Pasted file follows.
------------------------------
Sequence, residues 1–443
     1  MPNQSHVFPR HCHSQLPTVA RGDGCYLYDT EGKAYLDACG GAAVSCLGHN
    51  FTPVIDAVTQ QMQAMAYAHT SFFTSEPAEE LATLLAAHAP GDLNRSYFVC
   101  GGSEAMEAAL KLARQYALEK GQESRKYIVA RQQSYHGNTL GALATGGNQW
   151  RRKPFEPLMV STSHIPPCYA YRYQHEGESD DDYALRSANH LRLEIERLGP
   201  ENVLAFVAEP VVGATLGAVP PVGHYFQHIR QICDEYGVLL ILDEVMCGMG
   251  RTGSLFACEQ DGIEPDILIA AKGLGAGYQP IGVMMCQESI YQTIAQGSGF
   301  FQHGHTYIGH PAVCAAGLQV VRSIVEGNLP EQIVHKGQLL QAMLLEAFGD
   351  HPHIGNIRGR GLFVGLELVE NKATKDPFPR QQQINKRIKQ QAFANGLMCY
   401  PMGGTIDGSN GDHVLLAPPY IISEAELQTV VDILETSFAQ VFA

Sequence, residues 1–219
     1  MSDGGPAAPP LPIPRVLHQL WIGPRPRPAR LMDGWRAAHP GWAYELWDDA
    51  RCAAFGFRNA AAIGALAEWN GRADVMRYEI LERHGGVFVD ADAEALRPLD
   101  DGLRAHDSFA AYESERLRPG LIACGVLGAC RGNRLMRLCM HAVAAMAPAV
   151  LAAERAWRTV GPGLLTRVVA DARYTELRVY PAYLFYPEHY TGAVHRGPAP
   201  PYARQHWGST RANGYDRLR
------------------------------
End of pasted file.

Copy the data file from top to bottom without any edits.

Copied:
Sequence, residues 1–443
     1  MPNQSHVFPR HCHSQLPTVA RGDGCYLYDT EGKAYLDACG GAAVSCLGHN
    51  FTPVIDAVTQ QMQAMAYAHT SFFTSEPAEE LATLLAAHAP GDLNRSYFVC
   101  GGSEAMEAAL KLARQYALEK GQESRKYIVA RQQSYHGNTL GALATGGNQW
   151  RRKPFEPLMV STSHIPPCYA YRYQHEGESD DDYALRSANH LRLEIERLGP
   201  ENVLAFVAEP VVGATLGAVP PVGHYFQHIR QICDEYGVLL ILDEVMCGMG
   251  RTGSLFACEQ DGIEPDILIA AKGLGAGYQP IGVMMCQESI YQTIAQGSGF
   301  FQHGHTYIGH PAVCAAGLQV VRSIVEGNLP EQIVHKGQLL QAMLLEAFGD
   351  HPHIGNIRGR GLFVGLELVE NKATKDPFPR QQQINKRIKQ QAFANGLMCY
   401  PMGGTIDGSN GDHVLLAPPY IISEAELQTV VDILETSFAQ VFA

Sequence, residues 1–219
     1  MSDGGPAAPP LPIPRVLHQL WIGPRPRPAR LMDGWRAAHP GWAYELWDDA
    51  RCAAFGFRNA AAIGALAEWN GRADVMRYEI LERHGGVFVD ADAEALRPLD
   101  DGLRAHDSFA AYESERLRPG LIACGVLGAC RGNRLMRLCM HAVAAMAPAV
   151  LAAERAWRTV GPGLLTRVVA DARYTELRVY PAYLFYPEHY TGAVHRGPAP
   201  PYARQHWGST RANGYDRLR